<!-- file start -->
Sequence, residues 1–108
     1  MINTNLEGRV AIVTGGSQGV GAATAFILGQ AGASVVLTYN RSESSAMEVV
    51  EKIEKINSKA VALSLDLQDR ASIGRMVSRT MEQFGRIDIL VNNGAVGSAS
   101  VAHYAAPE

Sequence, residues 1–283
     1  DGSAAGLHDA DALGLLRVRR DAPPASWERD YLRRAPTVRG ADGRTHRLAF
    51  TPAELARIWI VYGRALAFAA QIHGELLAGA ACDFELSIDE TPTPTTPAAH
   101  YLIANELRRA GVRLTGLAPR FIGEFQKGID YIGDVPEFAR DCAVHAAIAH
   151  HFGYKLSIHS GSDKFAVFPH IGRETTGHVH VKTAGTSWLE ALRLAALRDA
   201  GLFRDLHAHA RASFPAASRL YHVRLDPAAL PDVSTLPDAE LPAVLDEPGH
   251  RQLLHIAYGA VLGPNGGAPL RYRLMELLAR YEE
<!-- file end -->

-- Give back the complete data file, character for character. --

Sequence, residues 1–108
     1  MINTNLEGRV AIVTGGSQGV GAATAFILGQ AGASVVLTYN RSESSAMEVV
    51  EKIEKINSKA VALSLDLQDR ASIGRMVSRT MEQFGRIDIL VNNGAVGSAS
   101  VAHYAAPE

Sequence, residues 1–283
     1  DGSAAGLHDA DALGLLRVRR DAPPASWERD YLRRAPTVRG ADGRTHRLAF
    51  TPAELARIWI VYGRALAFAA QIHGELLAGA ACDFELSIDE TPTPTTPAAH
   101  YLIANELRRA GVRLTGLAPR FIGEFQKGID YIGDVPEFAR DCAVHAAIAH
   151  HFGYKLSIHS GSDKFAVFPH IGRETTGHVH VKTAGTSWLE ALRLAALRDA
   201  GLFRDLHAHA RASFPAASRL YHVRLDPAAL PDVSTLPDAE LPAVLDEPGH
   251  RQLLHIAYGA VLGPNGGAPL RYRLMELLAR YEE